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C$ dips as investors eye seasonally weak period for the currency

·1 min read
FILE PHOTO: A Canadian dollar coin, commonly known as the "Loonie", is pictured in this illustration picture taken in Toronto

By Fergal Smith

TORONTO (Reuters) - The Canadian dollar weakened against its U.S. counterpart on Tuesday, adding to its August decline, as cautious trading gripped financial markets ahead of a key U.S. inflation report this week.

The Canadian dollar was down 0.3% at 1.2895 to the greenback, or 77.55 U.S. cents, after trading in a range of 1.2844 to 1.2900.

"The broader tone appears to be dominating and CAD is trading in tandem with risk, given modest weakness across global equity indices," said Eric Theoret, global macro strategist at Manulife Investment Management.

Wall Street slipped, including pressure on technology stocks, as investors awaited Wednesday's U.S. inflation data for clues on the Federal Reserve policy outlook.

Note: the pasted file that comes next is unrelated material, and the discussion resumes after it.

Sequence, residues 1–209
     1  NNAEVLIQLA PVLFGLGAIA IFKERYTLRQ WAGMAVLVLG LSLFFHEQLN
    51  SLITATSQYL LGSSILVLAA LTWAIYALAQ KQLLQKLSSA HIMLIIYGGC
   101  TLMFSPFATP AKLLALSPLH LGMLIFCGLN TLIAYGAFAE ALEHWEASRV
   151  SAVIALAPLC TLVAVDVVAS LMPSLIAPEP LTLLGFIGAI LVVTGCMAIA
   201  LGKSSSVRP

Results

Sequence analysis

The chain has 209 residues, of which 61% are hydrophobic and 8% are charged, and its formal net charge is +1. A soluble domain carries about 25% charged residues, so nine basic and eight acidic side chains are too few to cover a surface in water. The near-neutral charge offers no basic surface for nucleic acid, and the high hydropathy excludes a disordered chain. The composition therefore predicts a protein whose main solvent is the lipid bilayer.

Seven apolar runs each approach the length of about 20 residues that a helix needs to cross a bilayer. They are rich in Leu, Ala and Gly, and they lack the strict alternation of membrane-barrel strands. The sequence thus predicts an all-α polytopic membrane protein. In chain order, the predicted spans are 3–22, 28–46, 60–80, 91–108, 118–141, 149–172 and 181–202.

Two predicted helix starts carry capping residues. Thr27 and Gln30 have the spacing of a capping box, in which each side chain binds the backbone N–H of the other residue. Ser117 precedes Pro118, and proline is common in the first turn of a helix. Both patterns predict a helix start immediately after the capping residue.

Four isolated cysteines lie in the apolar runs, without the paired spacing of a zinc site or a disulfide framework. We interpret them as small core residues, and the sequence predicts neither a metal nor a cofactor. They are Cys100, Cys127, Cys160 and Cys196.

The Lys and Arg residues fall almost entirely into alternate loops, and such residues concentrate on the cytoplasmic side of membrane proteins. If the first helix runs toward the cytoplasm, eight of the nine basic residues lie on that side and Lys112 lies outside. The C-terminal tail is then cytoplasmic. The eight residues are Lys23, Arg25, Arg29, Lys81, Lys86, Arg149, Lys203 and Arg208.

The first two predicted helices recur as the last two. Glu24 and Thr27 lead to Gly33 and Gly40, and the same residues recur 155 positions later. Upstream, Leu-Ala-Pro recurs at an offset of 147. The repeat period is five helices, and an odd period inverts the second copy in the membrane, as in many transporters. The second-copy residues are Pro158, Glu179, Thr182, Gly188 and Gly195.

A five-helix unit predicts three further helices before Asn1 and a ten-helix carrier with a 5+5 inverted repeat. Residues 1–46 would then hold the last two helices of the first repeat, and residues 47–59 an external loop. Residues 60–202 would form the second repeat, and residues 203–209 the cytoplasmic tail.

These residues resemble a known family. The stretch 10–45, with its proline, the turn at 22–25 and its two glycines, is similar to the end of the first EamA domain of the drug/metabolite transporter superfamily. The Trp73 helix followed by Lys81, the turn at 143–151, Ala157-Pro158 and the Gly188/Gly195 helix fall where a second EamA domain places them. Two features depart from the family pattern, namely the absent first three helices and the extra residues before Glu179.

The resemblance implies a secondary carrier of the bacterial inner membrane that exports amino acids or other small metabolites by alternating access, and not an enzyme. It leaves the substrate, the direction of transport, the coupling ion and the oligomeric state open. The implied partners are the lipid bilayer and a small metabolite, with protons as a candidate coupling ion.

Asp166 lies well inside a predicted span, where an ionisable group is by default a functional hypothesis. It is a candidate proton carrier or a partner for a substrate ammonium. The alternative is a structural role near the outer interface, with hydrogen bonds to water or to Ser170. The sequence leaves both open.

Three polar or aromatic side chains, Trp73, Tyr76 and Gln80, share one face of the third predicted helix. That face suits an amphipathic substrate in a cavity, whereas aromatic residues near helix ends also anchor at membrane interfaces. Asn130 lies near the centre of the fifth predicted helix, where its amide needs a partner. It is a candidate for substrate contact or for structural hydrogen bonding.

"The CAD has traded weaker for much of August and is entering a seasonally weak period, given its tendency to decline (versus the U.S. dollar) from late summer into year end," Theoret said.

The loonie has weakened 0.8% since the start of the month. It has lost ground in August for seven of the last eight years.

The price of oil, one of Canada's major exports, settled 0.3% lower at $90.50 a barrel as worries that a slowing economy could cut demand vied with news that some oil exports had been suspended on the Russia-to-Europe Druzhba pipeline that transits Ukraine.

Canadian government bond yields were higher across the curve, tracking the move in U.S. Treasuries.

The 10-year rose 4.3 basis points to 2.720%, toward the middle of its range over the last few days.

(Reporting by Fergal Smith; Editing by David Holmes and Marguerita Choy)